New, student-led research in Manatuto municipality is offering early positive results for experiments conducted with rice hull biochar – and an innovative addition to the organic fertiliser could offer a pathway for sustainable, increased crop production.
Students from the University of Timor Lorosa’e (UNTL) started new experiments at Laleia, in Manatuto municipality, in August – investigating the effect of biochar and other fertilisers on crop production.
Biochar – an organic fertiliser made form half-burning the discarded hulls of rice grains – is a low-cost fertiliser easy to produce in Timor-Leste.
While biochar has been demonstrated to dramatically increase crop yields in Timor-Leste, improvement required high application levels. In Laleia in 2017, initial experiments with biochar on tomato crops found that biochar application was found to increase tomato yields from four to 17 tonnes per hectare – a dramatic and positive response, far exceeding expectations.
This was achieved with an application rate of 30 tonnes of biochar per hectare, which is a high application rate only available in very limited areas.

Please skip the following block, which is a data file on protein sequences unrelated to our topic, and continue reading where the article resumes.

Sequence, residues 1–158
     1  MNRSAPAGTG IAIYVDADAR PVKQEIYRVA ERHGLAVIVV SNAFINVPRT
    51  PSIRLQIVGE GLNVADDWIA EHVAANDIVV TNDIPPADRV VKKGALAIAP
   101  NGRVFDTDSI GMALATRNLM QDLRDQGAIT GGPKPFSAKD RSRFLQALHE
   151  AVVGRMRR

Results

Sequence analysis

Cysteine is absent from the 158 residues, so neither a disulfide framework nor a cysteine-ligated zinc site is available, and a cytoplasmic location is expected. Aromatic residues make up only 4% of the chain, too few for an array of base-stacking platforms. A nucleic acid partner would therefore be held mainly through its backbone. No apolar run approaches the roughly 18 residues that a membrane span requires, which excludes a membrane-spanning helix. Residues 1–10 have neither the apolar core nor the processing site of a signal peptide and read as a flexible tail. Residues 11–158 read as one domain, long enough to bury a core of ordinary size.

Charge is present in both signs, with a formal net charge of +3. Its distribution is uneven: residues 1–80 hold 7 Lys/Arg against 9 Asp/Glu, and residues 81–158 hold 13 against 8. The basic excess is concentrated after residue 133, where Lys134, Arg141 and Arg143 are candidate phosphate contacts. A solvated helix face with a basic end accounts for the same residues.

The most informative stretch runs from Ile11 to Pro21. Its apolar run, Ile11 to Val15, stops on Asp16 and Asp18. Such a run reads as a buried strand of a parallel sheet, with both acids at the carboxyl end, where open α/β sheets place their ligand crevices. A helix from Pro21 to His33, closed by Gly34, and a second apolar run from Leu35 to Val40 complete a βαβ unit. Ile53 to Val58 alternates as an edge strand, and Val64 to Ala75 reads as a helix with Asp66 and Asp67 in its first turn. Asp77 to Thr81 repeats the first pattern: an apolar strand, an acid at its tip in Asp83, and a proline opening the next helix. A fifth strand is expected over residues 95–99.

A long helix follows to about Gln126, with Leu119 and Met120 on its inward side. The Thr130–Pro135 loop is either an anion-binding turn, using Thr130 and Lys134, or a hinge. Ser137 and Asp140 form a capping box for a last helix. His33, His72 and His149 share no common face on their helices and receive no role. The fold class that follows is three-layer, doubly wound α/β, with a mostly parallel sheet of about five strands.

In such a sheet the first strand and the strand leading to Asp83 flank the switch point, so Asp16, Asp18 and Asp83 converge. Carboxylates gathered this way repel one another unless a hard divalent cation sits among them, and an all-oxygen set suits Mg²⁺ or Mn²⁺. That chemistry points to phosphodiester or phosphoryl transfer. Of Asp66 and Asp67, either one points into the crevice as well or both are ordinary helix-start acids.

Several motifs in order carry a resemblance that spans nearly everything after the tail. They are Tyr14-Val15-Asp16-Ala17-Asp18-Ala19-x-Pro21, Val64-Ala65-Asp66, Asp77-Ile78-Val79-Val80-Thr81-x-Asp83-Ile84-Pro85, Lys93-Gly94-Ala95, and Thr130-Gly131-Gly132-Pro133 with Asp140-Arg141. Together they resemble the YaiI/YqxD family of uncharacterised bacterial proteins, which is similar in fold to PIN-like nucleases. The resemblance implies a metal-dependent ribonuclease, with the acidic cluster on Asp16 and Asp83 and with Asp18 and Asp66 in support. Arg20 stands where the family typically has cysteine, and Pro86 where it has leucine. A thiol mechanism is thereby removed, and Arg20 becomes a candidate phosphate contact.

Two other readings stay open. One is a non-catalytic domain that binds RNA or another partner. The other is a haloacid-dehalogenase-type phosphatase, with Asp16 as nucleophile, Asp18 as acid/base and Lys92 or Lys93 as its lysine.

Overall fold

But new student experiments are testing an innovative product called Biochar Plus on a wide range of crops, in complement with other agronomic options, like mulching. Two weeks on from planting, all species treated with Biochar Plus are producing healthier, stronger looking plans.
Biochar Plus is a new product that combines regular biochar with small amounts of chemical fertiliser to supply nitrogen and phosphorous to plants. While many farming families in Timor-Leste are averse to chemical fertilisers – which are often expensive and at times difficult to obtain – the small amounts of chemical fertiliser added to the biochar to produce Biochar Plus appear interesting to families.
The nitrogen and phosphorous supplied to the plant feed the plant, and the biochar that carries them feeds the soil. The result appears to be healthier, more fertile soil, with more productive plants – offering a compelling pathway for increasing crop yields, improving soil quality and preserving the health of the land for sustainable dry-season cropping and Laleia.
Over the next several months, UNTL students will investigate various methods to increase crop production in the dry season. Through this new research, these UNTL students will be simultaneously investigating improved food sources for families in Timor-Leste, and investing in their own research capacity for the country’s further development.